2.1%

    4.7%

    4.0%

    Rest of Upstate NY 0.3% 0.3% 0.3%

    US 0.2% 0.2% 0.2%

    Ag & Food

    Finger Lakes

    3.7%

    4.1%

    3.0%

    Rest of Upstate NY 1.7% 2.5% 1.4%

    US 2.0% 2.2% 1.4%

    Next Gen

    Finger Lakes

    3.4%

    6.5%

    6.1%

    Rest of Upstate NY 2.3% 5.1% 4.3%

    US 3.0% 6.4% 5.5%

    Here are some additional key figures from each of the three industry pillars.

    a. OPI: Approximately 26,000 jobs at about 120 large and small businesses.

    b. Ag & Food: Region produces approximately a quarter of New York State’s total agricultural output, with strengths across the entire food value chain.

    c. Next Gen: The Eastman Business Park is one of the largest, most diverse advanced manufacturing and technology parks in the U.S. It includes 1,200 acres and 2.5 million sq. ft. of industrial space with a 120-megawatt power plant, water processing supply, waste treatment, on-site fire and safety, and rail services. Once exclusively belonging to Eastman Kodak Company, the park now hosts about 60 tenants and owners, employing approximately 4,800 staff. The Science and Technology Advanced Manufacturing Park (STAMP) in Genesee County is a 1,250- acre greenfield production site designed to attract multiple, large manufacturing facilities. The location draws workers from both the Rochester and Buffalo metro areas.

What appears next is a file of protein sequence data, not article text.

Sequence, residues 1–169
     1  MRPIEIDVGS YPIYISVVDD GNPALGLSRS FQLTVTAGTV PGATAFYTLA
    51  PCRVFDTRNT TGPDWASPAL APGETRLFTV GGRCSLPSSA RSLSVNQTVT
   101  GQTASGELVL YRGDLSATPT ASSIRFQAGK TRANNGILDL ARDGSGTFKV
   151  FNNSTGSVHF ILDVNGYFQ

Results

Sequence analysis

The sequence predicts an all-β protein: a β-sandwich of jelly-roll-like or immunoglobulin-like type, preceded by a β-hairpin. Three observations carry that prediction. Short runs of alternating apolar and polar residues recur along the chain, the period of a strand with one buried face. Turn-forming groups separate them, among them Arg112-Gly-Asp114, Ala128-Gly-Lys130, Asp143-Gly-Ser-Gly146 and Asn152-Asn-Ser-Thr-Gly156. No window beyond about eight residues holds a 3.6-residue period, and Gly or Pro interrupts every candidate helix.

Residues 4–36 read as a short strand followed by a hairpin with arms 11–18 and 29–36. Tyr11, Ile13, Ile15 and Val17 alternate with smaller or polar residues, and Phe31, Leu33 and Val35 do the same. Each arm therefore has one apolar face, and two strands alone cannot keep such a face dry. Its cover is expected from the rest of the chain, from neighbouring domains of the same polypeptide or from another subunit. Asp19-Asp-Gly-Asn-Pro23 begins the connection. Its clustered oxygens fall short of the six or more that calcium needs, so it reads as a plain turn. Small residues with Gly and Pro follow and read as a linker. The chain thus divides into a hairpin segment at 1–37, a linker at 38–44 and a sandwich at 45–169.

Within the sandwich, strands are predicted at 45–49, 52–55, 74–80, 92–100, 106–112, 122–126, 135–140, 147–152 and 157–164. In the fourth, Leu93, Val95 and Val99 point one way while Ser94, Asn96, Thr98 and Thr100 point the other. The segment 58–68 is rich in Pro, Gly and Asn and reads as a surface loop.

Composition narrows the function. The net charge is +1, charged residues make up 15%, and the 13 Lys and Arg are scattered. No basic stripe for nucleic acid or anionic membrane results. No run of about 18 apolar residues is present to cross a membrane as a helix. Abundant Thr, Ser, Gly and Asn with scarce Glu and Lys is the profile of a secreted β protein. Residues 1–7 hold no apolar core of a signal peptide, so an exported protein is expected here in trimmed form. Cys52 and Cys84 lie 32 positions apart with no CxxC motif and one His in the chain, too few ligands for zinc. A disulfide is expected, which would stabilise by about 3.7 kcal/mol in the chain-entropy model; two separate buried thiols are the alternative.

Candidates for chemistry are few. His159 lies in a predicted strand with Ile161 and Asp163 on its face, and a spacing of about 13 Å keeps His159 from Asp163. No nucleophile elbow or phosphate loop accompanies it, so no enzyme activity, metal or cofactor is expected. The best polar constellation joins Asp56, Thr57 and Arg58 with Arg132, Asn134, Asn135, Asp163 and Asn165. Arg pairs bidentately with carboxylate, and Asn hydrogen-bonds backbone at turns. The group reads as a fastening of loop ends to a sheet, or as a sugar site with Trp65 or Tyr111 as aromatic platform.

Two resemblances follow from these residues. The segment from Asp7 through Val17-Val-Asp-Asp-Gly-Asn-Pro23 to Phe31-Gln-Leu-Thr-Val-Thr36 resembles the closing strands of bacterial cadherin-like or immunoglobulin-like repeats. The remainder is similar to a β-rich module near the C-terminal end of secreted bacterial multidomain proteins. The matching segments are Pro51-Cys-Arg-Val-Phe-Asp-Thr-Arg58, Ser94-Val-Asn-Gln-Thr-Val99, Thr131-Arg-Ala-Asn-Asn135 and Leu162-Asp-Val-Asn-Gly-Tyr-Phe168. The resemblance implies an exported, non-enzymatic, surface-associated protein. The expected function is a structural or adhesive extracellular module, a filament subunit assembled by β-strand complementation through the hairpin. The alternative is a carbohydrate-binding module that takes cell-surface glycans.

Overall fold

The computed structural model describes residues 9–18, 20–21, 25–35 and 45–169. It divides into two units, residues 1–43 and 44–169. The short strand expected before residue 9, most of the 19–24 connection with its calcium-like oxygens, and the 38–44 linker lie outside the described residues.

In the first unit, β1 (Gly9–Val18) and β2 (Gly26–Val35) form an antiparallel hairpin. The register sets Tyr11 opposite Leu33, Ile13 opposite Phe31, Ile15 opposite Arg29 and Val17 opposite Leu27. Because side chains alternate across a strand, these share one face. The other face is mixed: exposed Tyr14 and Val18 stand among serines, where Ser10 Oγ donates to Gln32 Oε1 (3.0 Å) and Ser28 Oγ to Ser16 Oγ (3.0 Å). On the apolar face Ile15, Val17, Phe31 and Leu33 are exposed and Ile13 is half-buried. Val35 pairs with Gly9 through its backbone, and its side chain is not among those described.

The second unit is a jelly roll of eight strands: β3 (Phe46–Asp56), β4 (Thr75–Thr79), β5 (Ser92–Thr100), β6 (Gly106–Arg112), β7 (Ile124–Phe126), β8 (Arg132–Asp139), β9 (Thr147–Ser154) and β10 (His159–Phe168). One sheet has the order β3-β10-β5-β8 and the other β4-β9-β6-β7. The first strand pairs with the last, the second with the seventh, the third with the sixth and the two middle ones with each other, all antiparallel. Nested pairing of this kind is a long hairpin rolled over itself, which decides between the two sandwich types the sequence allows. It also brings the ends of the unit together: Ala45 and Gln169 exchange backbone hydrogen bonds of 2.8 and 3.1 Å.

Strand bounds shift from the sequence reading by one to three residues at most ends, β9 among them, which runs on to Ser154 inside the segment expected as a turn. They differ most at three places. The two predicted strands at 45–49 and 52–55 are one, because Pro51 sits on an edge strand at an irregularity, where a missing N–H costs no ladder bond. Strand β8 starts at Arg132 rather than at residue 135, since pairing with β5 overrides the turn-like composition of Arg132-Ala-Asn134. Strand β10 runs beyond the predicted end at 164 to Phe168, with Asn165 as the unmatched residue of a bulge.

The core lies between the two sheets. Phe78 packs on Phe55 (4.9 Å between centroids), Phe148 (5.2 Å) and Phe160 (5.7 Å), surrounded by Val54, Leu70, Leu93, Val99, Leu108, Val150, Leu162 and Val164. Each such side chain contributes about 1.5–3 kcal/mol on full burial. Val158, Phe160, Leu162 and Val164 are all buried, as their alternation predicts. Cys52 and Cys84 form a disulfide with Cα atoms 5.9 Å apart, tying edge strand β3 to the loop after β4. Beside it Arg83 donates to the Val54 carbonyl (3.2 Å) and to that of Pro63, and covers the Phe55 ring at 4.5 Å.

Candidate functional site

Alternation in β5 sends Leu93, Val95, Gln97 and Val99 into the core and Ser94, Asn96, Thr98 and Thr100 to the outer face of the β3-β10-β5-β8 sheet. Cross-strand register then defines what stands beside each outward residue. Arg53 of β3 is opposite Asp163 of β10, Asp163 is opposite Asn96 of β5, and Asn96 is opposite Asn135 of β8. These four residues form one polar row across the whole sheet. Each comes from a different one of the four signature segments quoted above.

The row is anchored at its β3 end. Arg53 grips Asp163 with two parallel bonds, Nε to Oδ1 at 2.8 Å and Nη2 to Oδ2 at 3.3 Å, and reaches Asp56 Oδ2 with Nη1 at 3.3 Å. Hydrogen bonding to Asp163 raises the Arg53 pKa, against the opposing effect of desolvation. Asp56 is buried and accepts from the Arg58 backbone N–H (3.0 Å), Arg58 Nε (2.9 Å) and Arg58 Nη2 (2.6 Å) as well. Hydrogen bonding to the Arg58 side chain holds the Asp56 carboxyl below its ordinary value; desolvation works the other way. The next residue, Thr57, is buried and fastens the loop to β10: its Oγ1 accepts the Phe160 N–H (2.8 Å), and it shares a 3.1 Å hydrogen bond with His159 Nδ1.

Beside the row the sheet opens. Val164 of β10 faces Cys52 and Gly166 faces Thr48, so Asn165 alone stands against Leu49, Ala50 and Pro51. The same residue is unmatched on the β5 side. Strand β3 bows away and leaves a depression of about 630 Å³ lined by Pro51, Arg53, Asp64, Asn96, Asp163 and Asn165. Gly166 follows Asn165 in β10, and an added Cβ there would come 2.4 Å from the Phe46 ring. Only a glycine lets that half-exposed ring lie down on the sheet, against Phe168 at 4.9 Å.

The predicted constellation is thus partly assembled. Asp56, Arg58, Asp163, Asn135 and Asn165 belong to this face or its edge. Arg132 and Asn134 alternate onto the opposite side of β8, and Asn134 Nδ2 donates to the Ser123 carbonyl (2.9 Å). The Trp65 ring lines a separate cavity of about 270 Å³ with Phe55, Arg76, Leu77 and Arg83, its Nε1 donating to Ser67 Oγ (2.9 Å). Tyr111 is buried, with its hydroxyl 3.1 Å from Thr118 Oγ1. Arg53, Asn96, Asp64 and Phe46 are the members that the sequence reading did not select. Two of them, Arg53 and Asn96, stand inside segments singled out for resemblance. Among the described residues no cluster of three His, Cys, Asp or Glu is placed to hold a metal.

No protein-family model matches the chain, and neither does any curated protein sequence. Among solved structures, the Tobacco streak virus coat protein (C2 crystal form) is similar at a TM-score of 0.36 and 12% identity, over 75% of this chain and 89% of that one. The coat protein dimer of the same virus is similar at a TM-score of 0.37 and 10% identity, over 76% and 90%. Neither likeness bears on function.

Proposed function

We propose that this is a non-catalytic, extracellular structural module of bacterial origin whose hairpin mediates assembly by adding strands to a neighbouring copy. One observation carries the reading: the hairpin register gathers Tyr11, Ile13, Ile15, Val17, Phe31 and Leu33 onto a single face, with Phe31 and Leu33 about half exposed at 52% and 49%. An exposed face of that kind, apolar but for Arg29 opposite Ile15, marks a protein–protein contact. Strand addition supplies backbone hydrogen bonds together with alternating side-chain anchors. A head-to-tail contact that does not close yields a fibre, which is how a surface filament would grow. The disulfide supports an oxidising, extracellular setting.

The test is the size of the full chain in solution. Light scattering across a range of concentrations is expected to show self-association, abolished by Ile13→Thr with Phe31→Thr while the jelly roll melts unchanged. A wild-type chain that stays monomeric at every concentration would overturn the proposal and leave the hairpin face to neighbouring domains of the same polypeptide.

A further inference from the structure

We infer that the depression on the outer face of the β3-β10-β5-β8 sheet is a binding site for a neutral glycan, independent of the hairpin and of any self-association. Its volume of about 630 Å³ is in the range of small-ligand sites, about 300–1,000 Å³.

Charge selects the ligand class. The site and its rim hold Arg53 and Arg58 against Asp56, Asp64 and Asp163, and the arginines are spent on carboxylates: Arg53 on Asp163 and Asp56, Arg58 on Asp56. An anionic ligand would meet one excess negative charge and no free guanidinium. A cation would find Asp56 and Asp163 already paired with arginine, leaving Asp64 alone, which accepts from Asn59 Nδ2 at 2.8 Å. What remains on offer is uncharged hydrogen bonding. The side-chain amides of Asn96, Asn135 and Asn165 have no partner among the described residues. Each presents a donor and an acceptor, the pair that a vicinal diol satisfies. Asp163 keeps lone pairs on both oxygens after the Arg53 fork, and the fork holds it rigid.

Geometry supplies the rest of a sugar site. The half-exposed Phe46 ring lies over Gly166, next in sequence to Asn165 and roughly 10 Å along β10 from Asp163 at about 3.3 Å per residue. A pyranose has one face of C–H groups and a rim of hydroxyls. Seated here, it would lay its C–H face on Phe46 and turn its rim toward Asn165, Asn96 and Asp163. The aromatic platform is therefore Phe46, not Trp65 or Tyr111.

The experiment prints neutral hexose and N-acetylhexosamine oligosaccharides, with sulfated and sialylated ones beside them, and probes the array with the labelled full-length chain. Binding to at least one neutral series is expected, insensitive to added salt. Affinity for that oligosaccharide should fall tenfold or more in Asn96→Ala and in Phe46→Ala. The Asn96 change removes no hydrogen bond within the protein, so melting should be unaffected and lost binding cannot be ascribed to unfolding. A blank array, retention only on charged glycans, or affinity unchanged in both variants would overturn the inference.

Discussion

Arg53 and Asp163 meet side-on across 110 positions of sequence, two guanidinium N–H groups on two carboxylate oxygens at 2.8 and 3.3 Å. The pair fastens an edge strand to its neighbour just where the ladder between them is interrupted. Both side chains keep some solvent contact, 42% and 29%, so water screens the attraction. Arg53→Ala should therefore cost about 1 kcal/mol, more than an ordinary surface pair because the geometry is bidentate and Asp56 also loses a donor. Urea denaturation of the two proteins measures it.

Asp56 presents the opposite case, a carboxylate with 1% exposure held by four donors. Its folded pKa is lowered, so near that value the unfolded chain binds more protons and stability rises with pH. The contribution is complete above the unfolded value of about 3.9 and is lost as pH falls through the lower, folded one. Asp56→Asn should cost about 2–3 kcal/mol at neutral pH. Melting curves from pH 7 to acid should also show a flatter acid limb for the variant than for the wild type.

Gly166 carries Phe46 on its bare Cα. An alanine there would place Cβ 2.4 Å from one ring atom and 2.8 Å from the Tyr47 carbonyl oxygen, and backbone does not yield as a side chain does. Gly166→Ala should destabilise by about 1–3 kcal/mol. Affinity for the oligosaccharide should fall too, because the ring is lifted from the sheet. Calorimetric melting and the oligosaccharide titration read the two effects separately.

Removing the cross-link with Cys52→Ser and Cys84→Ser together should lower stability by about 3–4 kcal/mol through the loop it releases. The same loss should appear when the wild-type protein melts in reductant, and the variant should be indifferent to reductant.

Due to the decline in traditional manufacturing jobs in the region, the net change in jobs is showing an overall decline. However, the high numbers of persistently unfilled jobs,

  • 6 FINAL 7-8-16

    combined with a documented mismatch in skill sets, especially in Applied Integrated Technologies/Mechatronics. Tooling and Machining, and Optical Systems Technology, give evidence of an urgent need for training in advanced manufacturing jobs.

    Monroe Community College conducted a needs assessment and business climate survey in 2014. Among the results of the survey, 85.6% of Applied Integrated Technologies/ Mechatronics jobs, 68.8% of Tooling and Machining jobs, and 75.7% of Optical Systems Technology jobs in the region may go unfilled each year due to an insufficient number of graduates produced l